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Is our society with its so-called culture that we like to show-off to the world, designed in a way that we refuse to accept our sons and daughters at par with each other?
27th September 2020 was Daughter’s Day in India. All our social media portals were flooded with images and messages of people sharing their bond and happiness of having daughters. Reason? Well, to create awareness about how much of a blessing daughters are.
From a bird’s eye view, the day brings to the fore the delicate bond that parents share with their daughters. A daughter is her father’s pride and a piece of her mother’s heart. Oh, how lovely!
Less than a week after this day in 2020, India was shaken to its core, yet again, by the horrifying Hathras rape, and instantly came a flashback of the Nirbhaya rape case that shook Delhi and India way back in 2012.
With people coming in support of the victim and her family, to politicians playing the blame game and the same old nonsense, there are more pressing issues that probably we need to think about– Why is our mentality so? What makes rapists think they can rip open a woman’s heart and modesty without her consent?
A large majority of people today believe rape cases occur either due to ‘modernized women’, or ‘women wearing revealing clothes’ and mostly in economically backward sections of the society or in the lower-middle-class families where the rapists are uneducated and ‘cannot control their emotions’. Why? Well, apparently because ‘that’s how men are’.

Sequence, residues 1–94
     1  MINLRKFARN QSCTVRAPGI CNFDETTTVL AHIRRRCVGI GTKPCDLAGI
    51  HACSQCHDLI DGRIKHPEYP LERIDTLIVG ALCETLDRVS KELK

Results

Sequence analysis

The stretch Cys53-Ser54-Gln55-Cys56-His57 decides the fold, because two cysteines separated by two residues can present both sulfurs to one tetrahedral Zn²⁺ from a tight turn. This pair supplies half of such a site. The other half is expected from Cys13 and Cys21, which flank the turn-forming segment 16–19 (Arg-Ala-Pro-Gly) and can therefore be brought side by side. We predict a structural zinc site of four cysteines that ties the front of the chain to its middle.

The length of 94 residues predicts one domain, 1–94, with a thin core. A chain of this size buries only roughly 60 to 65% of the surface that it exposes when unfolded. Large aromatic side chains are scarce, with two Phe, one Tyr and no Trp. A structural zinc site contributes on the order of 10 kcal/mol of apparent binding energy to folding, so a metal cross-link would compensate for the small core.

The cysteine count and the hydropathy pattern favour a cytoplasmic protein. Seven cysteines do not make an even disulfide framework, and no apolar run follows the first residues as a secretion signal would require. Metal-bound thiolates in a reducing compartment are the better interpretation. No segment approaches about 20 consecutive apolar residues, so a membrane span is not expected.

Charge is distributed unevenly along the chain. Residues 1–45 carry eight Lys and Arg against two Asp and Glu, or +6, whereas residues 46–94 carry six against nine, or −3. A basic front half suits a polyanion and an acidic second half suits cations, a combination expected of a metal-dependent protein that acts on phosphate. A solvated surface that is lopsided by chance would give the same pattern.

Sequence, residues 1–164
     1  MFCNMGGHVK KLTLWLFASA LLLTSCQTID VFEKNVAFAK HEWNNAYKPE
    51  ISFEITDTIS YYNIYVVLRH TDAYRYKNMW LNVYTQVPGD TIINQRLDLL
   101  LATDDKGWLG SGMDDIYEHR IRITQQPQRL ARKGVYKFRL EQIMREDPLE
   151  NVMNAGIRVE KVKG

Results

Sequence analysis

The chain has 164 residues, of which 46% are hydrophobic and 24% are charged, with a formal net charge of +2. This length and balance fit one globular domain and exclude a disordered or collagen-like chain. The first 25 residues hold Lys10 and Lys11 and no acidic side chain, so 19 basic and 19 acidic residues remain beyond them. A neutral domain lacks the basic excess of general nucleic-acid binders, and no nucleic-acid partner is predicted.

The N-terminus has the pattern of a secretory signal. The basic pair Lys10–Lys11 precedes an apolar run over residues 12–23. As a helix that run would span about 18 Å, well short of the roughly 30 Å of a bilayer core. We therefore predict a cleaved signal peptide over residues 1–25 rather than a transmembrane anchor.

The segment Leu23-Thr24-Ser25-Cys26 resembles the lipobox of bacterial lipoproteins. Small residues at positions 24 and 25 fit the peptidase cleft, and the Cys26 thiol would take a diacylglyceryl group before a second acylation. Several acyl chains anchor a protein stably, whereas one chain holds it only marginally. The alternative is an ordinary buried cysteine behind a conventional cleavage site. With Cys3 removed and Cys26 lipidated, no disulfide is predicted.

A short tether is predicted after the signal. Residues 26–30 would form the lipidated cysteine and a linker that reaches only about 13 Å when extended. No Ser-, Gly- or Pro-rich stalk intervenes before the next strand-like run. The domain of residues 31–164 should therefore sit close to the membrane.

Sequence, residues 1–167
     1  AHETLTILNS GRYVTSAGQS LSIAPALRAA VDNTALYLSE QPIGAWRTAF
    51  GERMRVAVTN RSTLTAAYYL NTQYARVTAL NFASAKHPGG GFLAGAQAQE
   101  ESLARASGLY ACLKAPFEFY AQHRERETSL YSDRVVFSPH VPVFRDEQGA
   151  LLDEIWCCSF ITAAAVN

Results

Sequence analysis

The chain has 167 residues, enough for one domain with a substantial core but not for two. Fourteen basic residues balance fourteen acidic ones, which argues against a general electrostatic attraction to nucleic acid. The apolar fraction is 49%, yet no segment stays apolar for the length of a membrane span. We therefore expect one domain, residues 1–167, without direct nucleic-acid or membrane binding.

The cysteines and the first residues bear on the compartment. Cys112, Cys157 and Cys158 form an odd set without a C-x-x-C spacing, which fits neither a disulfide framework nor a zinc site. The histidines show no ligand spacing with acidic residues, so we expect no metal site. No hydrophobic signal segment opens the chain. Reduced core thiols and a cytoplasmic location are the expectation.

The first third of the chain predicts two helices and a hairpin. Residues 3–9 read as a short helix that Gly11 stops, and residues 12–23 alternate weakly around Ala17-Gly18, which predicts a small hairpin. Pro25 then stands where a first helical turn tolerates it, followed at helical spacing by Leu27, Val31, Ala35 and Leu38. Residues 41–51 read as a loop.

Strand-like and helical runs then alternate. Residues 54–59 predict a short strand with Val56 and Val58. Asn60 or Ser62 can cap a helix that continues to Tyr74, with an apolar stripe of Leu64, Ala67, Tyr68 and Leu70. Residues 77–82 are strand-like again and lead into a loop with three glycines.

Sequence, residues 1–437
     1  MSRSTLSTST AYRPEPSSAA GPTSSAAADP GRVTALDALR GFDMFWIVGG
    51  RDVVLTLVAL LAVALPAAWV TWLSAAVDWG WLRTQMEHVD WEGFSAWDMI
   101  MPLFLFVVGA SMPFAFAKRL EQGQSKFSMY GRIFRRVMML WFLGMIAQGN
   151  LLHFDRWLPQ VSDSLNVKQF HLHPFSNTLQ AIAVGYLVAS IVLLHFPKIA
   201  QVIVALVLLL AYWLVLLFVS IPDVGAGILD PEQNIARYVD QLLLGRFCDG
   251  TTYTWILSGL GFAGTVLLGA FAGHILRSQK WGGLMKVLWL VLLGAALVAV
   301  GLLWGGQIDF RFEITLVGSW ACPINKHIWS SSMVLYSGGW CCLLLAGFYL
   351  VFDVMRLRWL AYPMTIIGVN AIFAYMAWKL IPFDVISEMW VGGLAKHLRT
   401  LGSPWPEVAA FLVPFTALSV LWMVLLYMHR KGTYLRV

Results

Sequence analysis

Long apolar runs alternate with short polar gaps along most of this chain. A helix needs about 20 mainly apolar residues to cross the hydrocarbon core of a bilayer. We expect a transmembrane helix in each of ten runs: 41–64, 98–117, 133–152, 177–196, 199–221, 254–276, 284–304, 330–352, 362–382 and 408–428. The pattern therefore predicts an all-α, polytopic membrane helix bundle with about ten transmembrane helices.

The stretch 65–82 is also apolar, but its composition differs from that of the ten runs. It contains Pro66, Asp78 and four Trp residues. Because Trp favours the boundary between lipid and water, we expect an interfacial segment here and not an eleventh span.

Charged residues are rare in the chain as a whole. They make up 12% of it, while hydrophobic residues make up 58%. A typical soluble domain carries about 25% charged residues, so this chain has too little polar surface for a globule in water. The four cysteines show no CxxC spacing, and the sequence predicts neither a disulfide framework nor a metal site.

While the victims can be from any strata of the society, what we need to ponder about is that the rapists are not always from economically poor or backward sections of the society, as is the normal belief. There have been hundreds, if not thousands, of cases where the rapists are from well-off families from superior castes.
The problem with daughters being ‘paraya dhan’ is something we are all acquainted with. No matter how literate a family is, there are some members who still believe that parents “need not waste so much money on their education as eventually, they will need to take care of their homes”. Having an unmarried daughter at home is often looked down upon. A very common dialogue you hear from a quintessential orthodox uncle or aunt in your relations, isn’t it? I’m sure most women reading this have silently nodded their heads; I can say this with conviction as I have experienced this first hand.
A daughter who aims to stand up on her own two feet, support her parents, and stay with them even though her so-called ‘prime years are slipping out of hand’ is looked down upon. Constant nagging from her relatives begin about how her parents should focus on finding her a suitable boy rather than encourage her to continue her job.
Doesn’t the daughter have a right to live with her parents or stand with them just because she is ‘presumed’ to be the weaker gender? How often do we hear the same about a boy? Why is that a family discriminates between their sons and daughters on basis of gender and talks about their sons’ career achievements but restricts their praise for their daughter to “She is very sanskari”? That’s all you’ve got?!
Well, this mentality is very much here in the society we live in today, even in educated and elite communities. There are highly educated daughters who are constantly reminded, day in and day out, that “they are lucky their parents allowed them to study” or that “their parents gave them enough freedom till now” but they shouldn’t abuse their independence further, get married and have kids.